Monday, August 31, 2015

Day One - Novel to La Chapelle d'Abondance - Cowbells and Ice Cream

The weather was excellent as we set off after a leisurely breakfast - a big blue sky but still cool for our first climb. The path initially climbed up beside the road, cutting the switchbacks, but then left the road and then the trees behind. We reached our first col (Col de Bise) after a couple of hours and started tucking into our excellent picnic lunch (including a boiled egg and dried fruit) before saying goodbye to Lake Geneva. The cheese from the Abondance valley is famous and, as we headed down the other side of the col, we soon encountered the cows that provide the milk. Presumably, there's a relationship between side of udders and the amount of milk provided...

Pleasant descent, with the second climb ahead over the col
After the initial steep descent, thing became very pleasant - walking gently downhill on grass, surrounded by contented cows with huge bells. We reached the Chalets de Bise and stopped there for some home made ice-cream (made from the milk the cows provide) - very refreshing. But then we had the second col of the day (Pas de la Bosse) in the heat of the day - a bit more like hard work, though it was fairly short. Then a long descent to Chapelle - with views of the Abondance valley - and our gite (Le Feto). There was noticeably less enthusiasm for raclette (basically potatoes, cheese and ham) after we had eaten the same sort of 'regional specialty' the previous evening!

Sunday, August 30, 2015

The Prologue - St Gingolph to Novel

I flew from Nice to Geneva this morning and in doing so was able to preview most of our hike - it looks relatively flat from the air! But just over an hour's flying will translate into about a month's hiking! I landed in Geneva and met up with the other three hikers - Rahul (an ex-colleague), Rohan (son of Rahul) and Jill (daughter of another ex-colleague). Onto the train for a scenic ride round Lake Geneva and to the start of the hike at St Gingolph, just on the French / Swiss border.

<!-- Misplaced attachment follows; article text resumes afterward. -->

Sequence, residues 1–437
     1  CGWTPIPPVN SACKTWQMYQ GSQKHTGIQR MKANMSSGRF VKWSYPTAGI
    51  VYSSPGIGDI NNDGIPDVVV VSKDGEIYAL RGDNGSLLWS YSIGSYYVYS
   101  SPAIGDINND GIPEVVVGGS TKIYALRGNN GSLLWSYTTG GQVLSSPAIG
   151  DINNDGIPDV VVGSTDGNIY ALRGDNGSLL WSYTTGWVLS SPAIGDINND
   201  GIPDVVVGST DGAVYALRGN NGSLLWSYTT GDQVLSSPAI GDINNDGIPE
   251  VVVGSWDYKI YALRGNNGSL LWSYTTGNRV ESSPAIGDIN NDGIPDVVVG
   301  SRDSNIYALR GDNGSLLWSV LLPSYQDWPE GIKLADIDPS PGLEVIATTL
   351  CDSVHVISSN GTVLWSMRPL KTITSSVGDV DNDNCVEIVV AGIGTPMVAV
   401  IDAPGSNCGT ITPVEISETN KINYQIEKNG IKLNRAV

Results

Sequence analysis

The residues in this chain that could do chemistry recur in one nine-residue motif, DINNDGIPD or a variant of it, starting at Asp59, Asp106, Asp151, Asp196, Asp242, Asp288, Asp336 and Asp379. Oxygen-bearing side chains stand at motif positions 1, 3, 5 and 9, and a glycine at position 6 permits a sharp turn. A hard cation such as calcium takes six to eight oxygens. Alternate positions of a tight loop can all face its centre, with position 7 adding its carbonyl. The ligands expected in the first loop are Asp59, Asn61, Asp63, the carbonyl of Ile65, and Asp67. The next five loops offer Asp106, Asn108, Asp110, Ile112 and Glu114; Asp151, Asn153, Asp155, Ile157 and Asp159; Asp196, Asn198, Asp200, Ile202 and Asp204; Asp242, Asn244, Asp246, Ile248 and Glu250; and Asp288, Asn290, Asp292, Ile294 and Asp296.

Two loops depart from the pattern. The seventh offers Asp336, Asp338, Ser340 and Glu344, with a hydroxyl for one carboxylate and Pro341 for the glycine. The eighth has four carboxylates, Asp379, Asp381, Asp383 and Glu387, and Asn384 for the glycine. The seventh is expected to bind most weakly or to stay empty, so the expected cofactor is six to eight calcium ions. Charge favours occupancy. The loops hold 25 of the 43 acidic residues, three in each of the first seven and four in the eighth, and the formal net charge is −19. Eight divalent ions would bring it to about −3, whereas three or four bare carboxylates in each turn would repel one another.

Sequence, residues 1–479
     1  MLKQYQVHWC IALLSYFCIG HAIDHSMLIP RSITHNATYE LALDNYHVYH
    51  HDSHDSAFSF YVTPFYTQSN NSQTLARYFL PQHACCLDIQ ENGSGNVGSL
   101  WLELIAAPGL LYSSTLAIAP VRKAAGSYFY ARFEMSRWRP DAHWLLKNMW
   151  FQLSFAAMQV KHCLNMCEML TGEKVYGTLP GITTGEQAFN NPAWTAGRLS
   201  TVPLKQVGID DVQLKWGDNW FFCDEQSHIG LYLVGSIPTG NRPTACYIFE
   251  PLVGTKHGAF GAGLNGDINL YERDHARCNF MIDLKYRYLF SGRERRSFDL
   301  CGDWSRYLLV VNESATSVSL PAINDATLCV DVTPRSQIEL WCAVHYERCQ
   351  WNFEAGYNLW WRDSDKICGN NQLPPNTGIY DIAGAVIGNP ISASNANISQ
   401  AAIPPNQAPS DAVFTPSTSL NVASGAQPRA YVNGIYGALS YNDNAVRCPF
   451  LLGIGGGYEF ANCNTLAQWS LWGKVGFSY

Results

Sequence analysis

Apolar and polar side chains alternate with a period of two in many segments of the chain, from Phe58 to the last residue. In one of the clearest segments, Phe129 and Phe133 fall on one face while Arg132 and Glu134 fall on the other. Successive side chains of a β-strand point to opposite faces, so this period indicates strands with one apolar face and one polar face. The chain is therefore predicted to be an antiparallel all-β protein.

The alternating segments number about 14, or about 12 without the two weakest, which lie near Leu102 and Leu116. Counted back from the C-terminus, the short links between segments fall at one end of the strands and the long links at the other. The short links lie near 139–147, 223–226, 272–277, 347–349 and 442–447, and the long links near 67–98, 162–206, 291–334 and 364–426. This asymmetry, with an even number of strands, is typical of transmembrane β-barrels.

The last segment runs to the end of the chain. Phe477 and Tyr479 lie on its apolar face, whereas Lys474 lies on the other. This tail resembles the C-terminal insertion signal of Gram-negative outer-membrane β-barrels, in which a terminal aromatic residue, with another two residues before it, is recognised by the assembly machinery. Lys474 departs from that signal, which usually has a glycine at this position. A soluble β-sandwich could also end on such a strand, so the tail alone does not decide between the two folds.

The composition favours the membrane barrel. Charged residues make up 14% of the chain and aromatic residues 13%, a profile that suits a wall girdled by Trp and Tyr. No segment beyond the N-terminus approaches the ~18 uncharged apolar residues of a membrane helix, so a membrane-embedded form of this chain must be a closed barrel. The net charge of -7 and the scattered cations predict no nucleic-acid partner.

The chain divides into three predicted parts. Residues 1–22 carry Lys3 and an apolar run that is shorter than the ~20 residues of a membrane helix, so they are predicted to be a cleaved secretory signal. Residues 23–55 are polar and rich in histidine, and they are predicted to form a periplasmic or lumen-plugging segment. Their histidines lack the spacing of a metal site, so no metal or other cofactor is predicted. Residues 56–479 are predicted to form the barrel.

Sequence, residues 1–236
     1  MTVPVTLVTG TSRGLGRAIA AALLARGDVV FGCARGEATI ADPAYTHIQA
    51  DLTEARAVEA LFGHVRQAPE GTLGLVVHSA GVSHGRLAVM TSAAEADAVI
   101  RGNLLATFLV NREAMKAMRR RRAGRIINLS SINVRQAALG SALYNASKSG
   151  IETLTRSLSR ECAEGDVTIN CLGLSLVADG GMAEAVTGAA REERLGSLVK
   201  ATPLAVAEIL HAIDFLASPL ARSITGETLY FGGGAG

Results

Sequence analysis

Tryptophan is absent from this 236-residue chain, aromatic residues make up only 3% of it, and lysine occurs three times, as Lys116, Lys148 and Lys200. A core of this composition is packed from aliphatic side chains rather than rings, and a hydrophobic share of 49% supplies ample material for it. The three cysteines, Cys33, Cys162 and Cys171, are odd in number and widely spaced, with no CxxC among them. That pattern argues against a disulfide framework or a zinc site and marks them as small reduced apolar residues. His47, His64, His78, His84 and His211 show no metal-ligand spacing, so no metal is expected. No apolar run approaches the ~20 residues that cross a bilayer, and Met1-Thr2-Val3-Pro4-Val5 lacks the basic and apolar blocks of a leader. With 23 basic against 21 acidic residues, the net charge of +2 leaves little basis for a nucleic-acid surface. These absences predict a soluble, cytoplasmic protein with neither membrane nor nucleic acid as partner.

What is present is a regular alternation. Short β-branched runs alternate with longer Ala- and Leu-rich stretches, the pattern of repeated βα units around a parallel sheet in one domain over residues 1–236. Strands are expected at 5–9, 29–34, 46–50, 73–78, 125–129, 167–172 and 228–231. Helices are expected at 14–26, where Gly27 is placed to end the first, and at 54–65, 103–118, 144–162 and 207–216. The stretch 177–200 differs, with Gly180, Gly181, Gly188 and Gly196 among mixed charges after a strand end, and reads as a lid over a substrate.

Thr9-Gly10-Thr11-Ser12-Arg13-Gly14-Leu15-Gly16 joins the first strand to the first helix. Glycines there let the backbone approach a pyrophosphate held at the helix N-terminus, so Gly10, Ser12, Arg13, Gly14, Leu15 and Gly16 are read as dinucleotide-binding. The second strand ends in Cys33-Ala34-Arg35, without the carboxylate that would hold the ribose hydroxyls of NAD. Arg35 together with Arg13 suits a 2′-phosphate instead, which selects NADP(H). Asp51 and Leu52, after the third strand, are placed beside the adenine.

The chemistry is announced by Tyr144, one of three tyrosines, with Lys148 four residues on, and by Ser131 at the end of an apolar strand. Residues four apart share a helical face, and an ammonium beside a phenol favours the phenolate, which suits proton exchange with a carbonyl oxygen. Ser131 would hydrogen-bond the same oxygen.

The Tour de France normally starts with the prologue - a very short stage to get things going, and we had decided on a similar approach. The 'obvious' first day would have been a long one and that seemed a daunting way to start the hike. We decided to walk a couple of hours in the cool of the evening to shorten that first day. So after the obligatory photograph of intrepid hikers, we strolled uphill to the Gite le Clozet in Novel. We checked in and had a nice meal and then settled down to our first night on the hike.

Saturday, August 29, 2015

La Grande Traversee des Alpes

The Lac Vert, in Switzerland
I've been on a long distance hike from Lake Geneva down to the Med for the last 30 days or so. It followed the French alps (following mainly the GR5 and finishing with the GR52) and - of course - involved plenty of climbing and descending. 

If you are interested you can see the hike as a pictorial account here.  Or you can follow the hike as a set of daily posts. There are also some posts covering planning (the gear carried and the route followed).

Thursday, August 6, 2015

Le Parcours

No pics on the flight, but our glider is 4th in line!
Today was a very nice sailplane XC day. I had a new instructor for the day, Guillaume, and he was very laid back and let me do almost all the flying. We towed up to 1300 m (about 500 m above the ground, some 200 m higher that usual - I like to stack the odds in my favor...) and released into a thermal that took us straight up to 3200 m. In a sailplane that sort of altitude opens up a lot of terrain and we headed to the Pic de Morgon, just N of the Dormillouse, topping up in a couple of thermals on the way.

At that point Guillaume asked if I'd done 'le Parcours'. I didn't even know what it was so he explained that it's a classic sailplane flight, running S along ridges from the Lac de Serre Poncon to the Lac de Sainte-Croix (the start follows the PG route from the Dormillouse to St Andre). I didn't hesitate, so off we went... 

At Guillaume's suggestion, I turned the vario sound off to help develop a better feel for the aircraft. We headed south, starting at about 2500 m and dolphin flying in ridge lift and some thermals, pretty much maintaining altitude. As we got into the bigger mountains, we effectively fell below ridge height; I suggested turning in a thermal but Guillaume said it wasn't necessary. Further south, the mountains got lower but there were enough promising clouds to almost compensate for the lack of ridge lift. At the end of le Parcours, after 80 km without turning, I was down to near 2000 m and built a bit more altitude in a thermal (with the vario sound back on) before the leg back to St Auban.

A very nice triangle of about 170 km and easily my most satisfying sailplane flight yet! Even better, different instructors teach you new and different things - so Guillaume gave me a bunch of new insights and things to work on.